“[during the MDMA experience] at around 45 minutes they may notice a shift where the anxiety dissipates and there is a sense of opening, a sense of feeling ok, maybe more than ok, maybe feeling a little bit blissful or positive. One study measured a sense of authenticity – meaning the feeling of being ok to be oneself. They may choose to continue to be inward and notice what is coming up for them in their mind, in their body, or they might take their blindfolds off and they may choose to engage with us. We should take a deeper dive here and say that this state will last two, three, four hours – the full duration of the session is eight hours and that is because we just want to make sure that when the therapist leaves and the participant has a night attendant there or they go home in some cases, that the person is kind of landed and they are in a more ordinary state of consciousness so they can be safe.” 

Episode Description: Dr. Gorman is one of the investigators in the recently published study documenting dramatic improvements through MDMA-assisted psychotherapy in participants with severe PTSD. We begin our conversation by describing the burden of PTSD as it is lived in individuals’ and their familys’ lives. Trauma-stimulated symptoms of numbness and explosiveness represent the most overt aspects of not living fully in real-time. We distinguish between single incident PTSD from complex PTSD with the latter having reverberations with childhood trauma. Ingmar walks us through the MDMA clinical trial describing the procedure from the outside as well as through the individual’s internal experience. Over time, over half of those who initially presented with severe symptomatology are cured of their condition. We discuss additional research utilizing psychedelic therapies for other conditions including OCD, addictions, smoking cessation, and end-of-life anxieties. We conclude by considering the role of the researcher as distinct from the enthusiast.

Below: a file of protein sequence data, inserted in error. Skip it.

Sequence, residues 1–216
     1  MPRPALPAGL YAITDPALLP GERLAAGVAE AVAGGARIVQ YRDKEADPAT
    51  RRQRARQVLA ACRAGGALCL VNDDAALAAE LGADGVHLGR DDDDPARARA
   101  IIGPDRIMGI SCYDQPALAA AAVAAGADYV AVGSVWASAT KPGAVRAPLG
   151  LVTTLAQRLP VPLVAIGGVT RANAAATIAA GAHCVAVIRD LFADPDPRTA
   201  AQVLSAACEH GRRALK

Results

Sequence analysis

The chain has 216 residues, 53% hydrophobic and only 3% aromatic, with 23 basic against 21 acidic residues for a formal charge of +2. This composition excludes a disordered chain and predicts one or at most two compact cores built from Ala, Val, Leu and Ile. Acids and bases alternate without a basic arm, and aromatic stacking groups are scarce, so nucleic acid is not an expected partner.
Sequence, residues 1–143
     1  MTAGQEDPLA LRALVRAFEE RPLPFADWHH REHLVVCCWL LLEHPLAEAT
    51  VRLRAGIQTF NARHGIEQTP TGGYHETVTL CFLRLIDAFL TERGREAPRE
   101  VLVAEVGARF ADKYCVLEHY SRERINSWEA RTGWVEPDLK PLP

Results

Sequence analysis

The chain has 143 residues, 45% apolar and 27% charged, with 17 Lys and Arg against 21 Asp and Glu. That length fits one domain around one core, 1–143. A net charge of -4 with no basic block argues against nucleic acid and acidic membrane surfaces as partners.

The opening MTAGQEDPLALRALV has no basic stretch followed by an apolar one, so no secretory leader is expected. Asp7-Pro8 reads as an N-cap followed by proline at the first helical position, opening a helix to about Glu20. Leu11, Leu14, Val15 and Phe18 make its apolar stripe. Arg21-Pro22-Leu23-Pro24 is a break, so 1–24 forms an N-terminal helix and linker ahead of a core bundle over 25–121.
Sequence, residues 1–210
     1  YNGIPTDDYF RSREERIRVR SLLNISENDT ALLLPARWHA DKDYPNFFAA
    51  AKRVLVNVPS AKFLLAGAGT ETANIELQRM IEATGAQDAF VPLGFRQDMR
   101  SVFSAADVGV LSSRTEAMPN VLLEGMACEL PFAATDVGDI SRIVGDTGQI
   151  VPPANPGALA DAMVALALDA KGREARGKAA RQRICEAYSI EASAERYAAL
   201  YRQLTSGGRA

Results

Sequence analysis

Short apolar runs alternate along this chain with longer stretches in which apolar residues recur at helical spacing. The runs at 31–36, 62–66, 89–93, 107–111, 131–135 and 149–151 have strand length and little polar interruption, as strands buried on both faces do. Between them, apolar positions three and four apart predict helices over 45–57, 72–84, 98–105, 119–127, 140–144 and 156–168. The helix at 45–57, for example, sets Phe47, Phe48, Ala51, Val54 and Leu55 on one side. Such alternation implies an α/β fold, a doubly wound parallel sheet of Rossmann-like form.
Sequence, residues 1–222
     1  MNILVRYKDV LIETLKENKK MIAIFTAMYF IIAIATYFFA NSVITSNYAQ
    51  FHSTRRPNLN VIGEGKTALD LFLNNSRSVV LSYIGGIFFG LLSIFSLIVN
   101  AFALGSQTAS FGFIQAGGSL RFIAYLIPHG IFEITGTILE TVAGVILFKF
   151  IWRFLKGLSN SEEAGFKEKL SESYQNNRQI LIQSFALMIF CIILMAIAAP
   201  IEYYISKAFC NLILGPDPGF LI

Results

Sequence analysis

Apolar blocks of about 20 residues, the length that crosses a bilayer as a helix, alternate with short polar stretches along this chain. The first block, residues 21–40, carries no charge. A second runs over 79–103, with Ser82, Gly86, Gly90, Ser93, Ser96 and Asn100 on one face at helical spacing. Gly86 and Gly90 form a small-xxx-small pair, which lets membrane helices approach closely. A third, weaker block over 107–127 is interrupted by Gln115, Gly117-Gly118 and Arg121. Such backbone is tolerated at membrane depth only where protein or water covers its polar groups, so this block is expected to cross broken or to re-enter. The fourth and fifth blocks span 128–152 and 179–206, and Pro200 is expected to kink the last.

Our Guest: Ingmar Gorman, Ph.D. is a co-founder of Fluence, a psychedelic education company training mental health providers in psychedelic treatments. As a psychologist, he shares his expertise in empirically supported psychedelic treatments with his clients and trainees alike. Dr. Gorman received his clinical training in New York City at the New School for Social Research, Mount Sinai Beth Israel Hospital, Columbia University, and Bellevue Hospital. He completed his NIH postdoctoral fellowship at New York University. He simultaneously served as site co-principal investigator on FDA-approved Phase 2 and 3 clinical trials of MDMA-assisted Psychotherapy for Post-Traumatic Stress Disorder and continues to be a therapist on such studies, as well as trials of psilocybin for treatment-resistant depression and binge eating disorder. Dr. Gorman has published on the topics of classic psychedelics, ketamine, MDMA, and Psychedelic Harm Reduction and Integration.

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